According to Variety, StyleHaul is developing syndicated programming with Fremantle Media, the company that is behind “American Idol” and “America’s Got Talent.” But for all the star power appearing in Internet’s videos, they are not just an acquired taste, but a personal taste. And fleeting, Man, last year if more than five millennials got into a room at the same time a “Harlem Shake” video was sure to be popped out an hour later. Online video is real and raw or self-consciously polished, and it’s stone age "quality" is what makes it different.  It’s simple.

2 comments about "So Internet Video Is in the Stone Age? What's Wrong with Raw? ".
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  1. Rio Caraeff from Vevo, January 10, 2014 at 9:54 a.m.

    PJ, Thank you for covering the panel that I was on at CES. I just wanted to write and clarify what I said as it seems to be mildly misconstrued.

    When I said that we are at the "stone ages of online video", what I meant was that most videos that are made available online from a structural perspective are merely repurposed from other screens and are no different than videos that could have been on television 20 or 30 years ago.

    Case in point: Most videos that we produce and/or distribute could have been on television in 1983 and we all are merely putting them online and making them available via a new distribution medium.

    So the video that is being created, distributed and consumed today for the most part is not inherently aware that it is on a 2-way communication platform and is not "inherently native" to the web. It was not created with the sole and express intent of being experienced via an interactive IP network.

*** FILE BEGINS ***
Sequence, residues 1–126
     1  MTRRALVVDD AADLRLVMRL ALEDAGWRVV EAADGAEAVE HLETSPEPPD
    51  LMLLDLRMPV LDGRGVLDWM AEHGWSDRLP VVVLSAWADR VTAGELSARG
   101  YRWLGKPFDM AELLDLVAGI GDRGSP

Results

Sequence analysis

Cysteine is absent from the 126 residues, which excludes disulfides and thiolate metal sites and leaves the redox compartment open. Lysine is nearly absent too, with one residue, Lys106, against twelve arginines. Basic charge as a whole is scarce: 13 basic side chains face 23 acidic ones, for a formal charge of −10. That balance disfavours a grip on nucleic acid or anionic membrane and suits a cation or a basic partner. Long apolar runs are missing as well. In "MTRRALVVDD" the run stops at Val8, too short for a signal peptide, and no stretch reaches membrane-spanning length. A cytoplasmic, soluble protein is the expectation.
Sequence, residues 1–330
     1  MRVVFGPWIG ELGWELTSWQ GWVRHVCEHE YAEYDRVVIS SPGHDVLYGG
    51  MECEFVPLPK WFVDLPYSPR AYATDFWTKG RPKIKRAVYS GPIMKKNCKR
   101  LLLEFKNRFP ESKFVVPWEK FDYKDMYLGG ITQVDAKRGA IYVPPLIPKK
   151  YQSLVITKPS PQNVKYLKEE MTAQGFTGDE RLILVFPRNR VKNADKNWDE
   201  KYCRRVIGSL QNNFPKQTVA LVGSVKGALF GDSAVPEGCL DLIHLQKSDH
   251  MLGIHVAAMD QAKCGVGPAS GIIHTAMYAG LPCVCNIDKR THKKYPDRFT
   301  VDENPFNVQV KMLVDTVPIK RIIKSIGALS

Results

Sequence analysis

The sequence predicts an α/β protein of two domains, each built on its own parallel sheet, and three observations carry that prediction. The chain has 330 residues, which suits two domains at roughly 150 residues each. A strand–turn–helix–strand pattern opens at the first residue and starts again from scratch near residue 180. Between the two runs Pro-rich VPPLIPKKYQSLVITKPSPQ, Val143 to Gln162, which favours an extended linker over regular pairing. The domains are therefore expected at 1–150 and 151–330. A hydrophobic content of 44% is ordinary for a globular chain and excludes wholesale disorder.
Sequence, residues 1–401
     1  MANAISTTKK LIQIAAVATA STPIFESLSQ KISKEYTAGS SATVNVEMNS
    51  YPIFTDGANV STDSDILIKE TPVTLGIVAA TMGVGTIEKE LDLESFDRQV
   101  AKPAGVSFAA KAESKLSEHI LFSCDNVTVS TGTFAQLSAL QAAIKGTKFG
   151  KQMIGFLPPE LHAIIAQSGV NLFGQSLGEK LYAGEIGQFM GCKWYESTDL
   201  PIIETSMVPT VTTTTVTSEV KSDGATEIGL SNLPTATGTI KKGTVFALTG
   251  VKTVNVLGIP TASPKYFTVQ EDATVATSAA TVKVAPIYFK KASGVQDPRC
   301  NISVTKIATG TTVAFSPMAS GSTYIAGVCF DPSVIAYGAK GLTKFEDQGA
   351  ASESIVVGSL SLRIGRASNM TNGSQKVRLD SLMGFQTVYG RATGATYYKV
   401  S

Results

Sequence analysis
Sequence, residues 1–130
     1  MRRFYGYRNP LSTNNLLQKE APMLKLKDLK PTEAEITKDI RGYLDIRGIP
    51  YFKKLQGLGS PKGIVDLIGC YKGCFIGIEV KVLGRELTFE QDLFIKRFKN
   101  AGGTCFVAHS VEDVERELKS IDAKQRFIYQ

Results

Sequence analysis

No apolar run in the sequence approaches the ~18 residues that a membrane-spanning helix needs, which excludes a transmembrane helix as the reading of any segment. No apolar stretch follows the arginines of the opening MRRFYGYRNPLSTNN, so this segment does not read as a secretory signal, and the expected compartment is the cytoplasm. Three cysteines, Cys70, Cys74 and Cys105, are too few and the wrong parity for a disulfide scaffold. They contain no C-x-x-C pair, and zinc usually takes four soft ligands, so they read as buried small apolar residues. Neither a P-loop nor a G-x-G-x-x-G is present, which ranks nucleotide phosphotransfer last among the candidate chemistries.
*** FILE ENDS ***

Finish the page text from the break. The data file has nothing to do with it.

To make a simple point, what I said was that the online video of today does not know whether it's raining out, whether it's dark out or whether the stock market is up or down. Perhaps a new generation of artists and content creators could find creative inspiration if they had a standard means of authoring and distributing these next generation videos.

    I believe that in order for online video to truly evolve forward out of the stone ages, it needs to take on some element of consciousness and be adaptive, responsive and potentially interactive (with some additional modality of passiveness if that is what the author and viewer wish for).

    There is an exciting company out of Israel called Interlude that is working to make this type of vision possible and we have similar aspirations to help evolve the medium forward.

    That's all that I meant to say. Thank you for listening and taking the time.


  2. pj bednarski from Media business freelancer, January 10, 2014 at 10:32 a.m.

    I know up above I wrote that I decided you were "almost totally wrong" but hearing you amplify it, I get your point more clearly than before. But wow, I think that's a high bar to get over. Of course, I guess, that also might be your point. Thanks for writing.